The front and back of a beat?

Discussion in 'Trumpet Discussion' started by Practice, Nov 15, 2011.

  1. kehaulani

    kehaulani Fortissimo User

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    Hawaian homey
    MFfan, that's not for musical effect in the context of the above discussion, that sounds like your director getting the band to compensate.

    Regarding hanging back as much as a half a beat, I wouldn't call that laid back, I would call it syncopation at that point.

    Laid back = Dexter Gordon. And BTW, Dex can play chorus after chorus of exciting, energy charged music laying just behind the beat.
     
  2. gmonady

    gmonady Utimate User

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    But if you speak out anywhere inside the bubble, well, then you have bubble rap!


    Sorry Brekelefuw, this a IS really cool way to describe the technique, but I just couldn't resist!
     
  3. Brekelefuw

    Brekelefuw Fortissimo User

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    I got it from Mingus' autobiography I think, and he got it from Duke or something similar. I take ne credit for it.
     
  4. Chuck Cox

    Chuck Cox Forte User

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    I thought he said KGB.
     
  5. Mark_Kindy

    Mark_Kindy Mezzo Forte User

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    I always thought of on top of or behind the beat by contrasting ideas of dragging or rushing with the concept of placement:

    Dragging -- playing at a slightly slower tempo
    Rushing -- playing at a slightly faster tempo

    By dragging and rushing, you're not affecting the placement of the notes, but how long they sound, how much time it takes to play a passage.

    When you're playing on top of the beat, you're playing at the correct tempo, but just placing the note just slightly ahead of the tick of a metronome, CONSISTENTLY. The opposite is true for being behind the beat (you play consistently just behind the tick of the metronome). HOWEVER, you will still be playing IN TIME, and that is the most important thing.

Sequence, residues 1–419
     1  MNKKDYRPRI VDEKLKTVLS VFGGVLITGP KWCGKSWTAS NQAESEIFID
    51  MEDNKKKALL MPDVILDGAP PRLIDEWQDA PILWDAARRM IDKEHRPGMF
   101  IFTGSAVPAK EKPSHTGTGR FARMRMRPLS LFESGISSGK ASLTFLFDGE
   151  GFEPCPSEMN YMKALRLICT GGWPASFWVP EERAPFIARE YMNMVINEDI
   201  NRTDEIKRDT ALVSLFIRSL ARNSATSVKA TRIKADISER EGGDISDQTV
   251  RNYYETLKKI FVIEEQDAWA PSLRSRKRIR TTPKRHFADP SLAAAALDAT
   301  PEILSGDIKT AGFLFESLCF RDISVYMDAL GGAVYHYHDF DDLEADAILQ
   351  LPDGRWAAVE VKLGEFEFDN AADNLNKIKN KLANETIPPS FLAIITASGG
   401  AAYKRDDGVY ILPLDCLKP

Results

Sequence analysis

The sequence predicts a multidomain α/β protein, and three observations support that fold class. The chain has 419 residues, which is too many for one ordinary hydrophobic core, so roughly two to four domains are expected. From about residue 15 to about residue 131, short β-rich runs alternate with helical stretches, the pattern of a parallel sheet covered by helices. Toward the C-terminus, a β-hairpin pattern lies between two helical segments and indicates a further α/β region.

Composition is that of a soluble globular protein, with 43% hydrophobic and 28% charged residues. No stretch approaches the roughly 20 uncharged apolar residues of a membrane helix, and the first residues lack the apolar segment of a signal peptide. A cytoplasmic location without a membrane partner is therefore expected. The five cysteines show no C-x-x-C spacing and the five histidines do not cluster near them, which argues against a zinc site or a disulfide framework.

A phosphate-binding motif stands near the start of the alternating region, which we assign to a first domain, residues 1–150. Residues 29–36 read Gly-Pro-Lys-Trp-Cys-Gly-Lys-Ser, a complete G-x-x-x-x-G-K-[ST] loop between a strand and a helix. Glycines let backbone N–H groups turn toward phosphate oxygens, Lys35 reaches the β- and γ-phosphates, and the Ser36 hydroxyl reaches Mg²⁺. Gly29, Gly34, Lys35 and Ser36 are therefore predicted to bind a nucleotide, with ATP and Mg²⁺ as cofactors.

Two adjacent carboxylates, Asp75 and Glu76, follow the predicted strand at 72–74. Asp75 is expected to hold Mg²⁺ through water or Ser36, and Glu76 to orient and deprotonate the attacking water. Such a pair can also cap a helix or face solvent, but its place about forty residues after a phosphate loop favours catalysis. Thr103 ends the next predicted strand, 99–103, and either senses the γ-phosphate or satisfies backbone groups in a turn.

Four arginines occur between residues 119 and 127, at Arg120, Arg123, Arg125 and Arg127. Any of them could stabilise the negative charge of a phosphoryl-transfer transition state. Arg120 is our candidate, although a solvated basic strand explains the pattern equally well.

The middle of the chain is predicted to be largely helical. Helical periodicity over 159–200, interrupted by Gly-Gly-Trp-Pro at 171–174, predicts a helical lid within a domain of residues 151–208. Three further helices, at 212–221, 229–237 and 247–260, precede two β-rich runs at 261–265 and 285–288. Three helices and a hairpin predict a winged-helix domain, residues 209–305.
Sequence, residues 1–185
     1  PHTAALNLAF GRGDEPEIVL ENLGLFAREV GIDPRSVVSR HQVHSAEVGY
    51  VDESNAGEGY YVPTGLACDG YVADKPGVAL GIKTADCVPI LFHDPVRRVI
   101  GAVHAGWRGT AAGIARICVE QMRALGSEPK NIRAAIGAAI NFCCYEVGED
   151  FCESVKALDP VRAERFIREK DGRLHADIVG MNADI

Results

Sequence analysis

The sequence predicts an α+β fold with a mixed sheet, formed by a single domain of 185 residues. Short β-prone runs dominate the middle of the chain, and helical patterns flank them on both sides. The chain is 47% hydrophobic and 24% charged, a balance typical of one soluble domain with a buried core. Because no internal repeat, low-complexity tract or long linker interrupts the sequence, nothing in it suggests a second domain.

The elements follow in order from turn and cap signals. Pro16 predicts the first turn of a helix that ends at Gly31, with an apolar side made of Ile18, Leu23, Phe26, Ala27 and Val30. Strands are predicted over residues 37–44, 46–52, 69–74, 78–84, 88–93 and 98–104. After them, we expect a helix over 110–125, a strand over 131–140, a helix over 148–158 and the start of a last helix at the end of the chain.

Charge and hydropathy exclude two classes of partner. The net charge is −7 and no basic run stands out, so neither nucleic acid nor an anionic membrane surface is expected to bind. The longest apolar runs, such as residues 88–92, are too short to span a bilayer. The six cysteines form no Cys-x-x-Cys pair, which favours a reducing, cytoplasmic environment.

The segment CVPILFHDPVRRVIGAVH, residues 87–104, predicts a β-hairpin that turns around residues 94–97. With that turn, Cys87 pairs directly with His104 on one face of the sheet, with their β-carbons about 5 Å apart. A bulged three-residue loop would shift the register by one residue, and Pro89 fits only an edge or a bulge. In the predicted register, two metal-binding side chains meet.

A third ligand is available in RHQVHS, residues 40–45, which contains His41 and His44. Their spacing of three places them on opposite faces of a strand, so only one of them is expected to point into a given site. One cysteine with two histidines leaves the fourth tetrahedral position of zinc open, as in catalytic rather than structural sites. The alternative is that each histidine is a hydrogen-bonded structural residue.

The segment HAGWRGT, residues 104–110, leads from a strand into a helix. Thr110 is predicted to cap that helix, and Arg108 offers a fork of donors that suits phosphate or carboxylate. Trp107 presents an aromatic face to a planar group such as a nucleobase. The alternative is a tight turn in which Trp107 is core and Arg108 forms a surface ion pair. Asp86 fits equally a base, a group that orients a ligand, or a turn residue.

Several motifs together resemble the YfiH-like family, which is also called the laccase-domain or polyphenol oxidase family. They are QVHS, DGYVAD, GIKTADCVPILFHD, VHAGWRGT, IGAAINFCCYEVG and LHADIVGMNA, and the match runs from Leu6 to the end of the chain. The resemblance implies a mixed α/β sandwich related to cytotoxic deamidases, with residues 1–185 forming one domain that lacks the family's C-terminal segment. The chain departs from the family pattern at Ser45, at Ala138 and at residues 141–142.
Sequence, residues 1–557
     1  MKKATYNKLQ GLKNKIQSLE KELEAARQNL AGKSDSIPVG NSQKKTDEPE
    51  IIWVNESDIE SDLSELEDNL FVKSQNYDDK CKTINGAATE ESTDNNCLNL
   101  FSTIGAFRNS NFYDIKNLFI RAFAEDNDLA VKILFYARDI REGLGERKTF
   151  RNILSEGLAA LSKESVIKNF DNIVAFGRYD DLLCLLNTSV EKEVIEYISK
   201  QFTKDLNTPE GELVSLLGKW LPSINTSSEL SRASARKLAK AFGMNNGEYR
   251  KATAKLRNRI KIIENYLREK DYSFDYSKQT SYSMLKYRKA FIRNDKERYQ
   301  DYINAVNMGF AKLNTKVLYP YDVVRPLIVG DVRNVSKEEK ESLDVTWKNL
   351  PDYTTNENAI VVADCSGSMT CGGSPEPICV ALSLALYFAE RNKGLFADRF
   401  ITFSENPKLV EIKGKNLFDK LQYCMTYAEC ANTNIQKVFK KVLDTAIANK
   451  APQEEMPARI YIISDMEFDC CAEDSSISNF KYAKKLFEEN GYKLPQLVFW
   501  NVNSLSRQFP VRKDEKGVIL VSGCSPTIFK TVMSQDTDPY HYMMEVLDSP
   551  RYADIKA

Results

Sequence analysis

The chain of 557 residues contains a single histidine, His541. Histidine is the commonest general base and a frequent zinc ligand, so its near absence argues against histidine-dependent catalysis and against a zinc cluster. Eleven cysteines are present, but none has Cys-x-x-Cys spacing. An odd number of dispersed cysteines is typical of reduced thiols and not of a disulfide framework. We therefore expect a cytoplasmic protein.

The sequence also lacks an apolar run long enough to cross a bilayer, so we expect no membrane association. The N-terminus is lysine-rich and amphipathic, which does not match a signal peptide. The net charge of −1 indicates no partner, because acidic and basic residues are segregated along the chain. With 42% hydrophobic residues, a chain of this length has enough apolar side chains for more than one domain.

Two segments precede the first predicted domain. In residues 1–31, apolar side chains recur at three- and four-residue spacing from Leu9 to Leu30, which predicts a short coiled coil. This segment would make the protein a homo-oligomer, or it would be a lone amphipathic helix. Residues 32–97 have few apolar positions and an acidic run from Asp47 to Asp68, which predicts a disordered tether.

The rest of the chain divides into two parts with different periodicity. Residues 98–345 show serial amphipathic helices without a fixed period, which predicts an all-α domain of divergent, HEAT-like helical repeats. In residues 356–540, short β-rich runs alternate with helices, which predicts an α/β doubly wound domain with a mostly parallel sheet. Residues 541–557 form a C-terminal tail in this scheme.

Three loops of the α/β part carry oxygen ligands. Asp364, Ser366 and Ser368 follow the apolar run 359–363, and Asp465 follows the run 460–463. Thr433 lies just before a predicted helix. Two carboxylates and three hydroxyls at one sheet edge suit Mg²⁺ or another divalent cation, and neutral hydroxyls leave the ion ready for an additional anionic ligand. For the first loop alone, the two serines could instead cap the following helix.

Also note, although I referenced a metronome, I wouldn't practice placement by using one necessarily, but rather developing a feel for it. The best way to do that is to find other bands that play on the part of the beat you want --- for instance, for behind the beat, the Stan Kenton band works pretty darn well at it.

    Hope this helps clear it up!
     
    Last edited: Nov 17, 2011
  6. rowuk

    rowuk Moderator Staff Member

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    I think comparing this to math is not useful. When the band follows you, you are on top/at the front. That is good when you are a lead player. It has NOTHING to do with rushing or dragging. It has to do with the lead players excellent "feel" for groove. If you are in the section, you do what the lead player sets as an example. Being on the back of the beat means that everything is rounder, not as sharp as being in front of the beat. In both cases, the audience can't help but tap their feet!

    Your teacher was telling you this probably because someone was dragging - they were way behind the beat and really messed up the groove!
     
  7. gmonady

    gmonady Utimate User

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    Music is about rhythm. That is what keeps the feeling moving, the pulse flowing. Dragging and rushing are counter to the rhythm, and in most cases, disrupts the flow of the rhythm as dragging and rushing IS changing the rhythm. Playing ahead or behind the beat is still maintaining the flow, the pulse, but putting some "stink" on it. And as long as you stay withing the bubble (man I love that concept), feet will be tappin.
     
  8. kingtrumpet

    kingtrumpet Utimate User

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    I am sorry but I don't get the concept of bubba rap -- I can't see his lips moving either

    Bubba Rap - YouTube
     
  9. Chuck Cox

    Chuck Cox Forte User

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    I liked the bubble analogy too ! I don't know if I'm ready to put some " stink " on it yet. Where does one get some " stink " ? Don't answer that question. I don't want to sidetrack this discussion. Just kidding about the stink thing Gary ( my fellow Committee brother ).
     
  10. gmonady

    gmonady Utimate User

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    Brothers to the end my friend, brothers to the end. These horns are keepers!

    The term "Stink" impliescreative energy. Ike and Tina Turner used this term in describing their songs.A milder version is "putting sauce on the notes."
     

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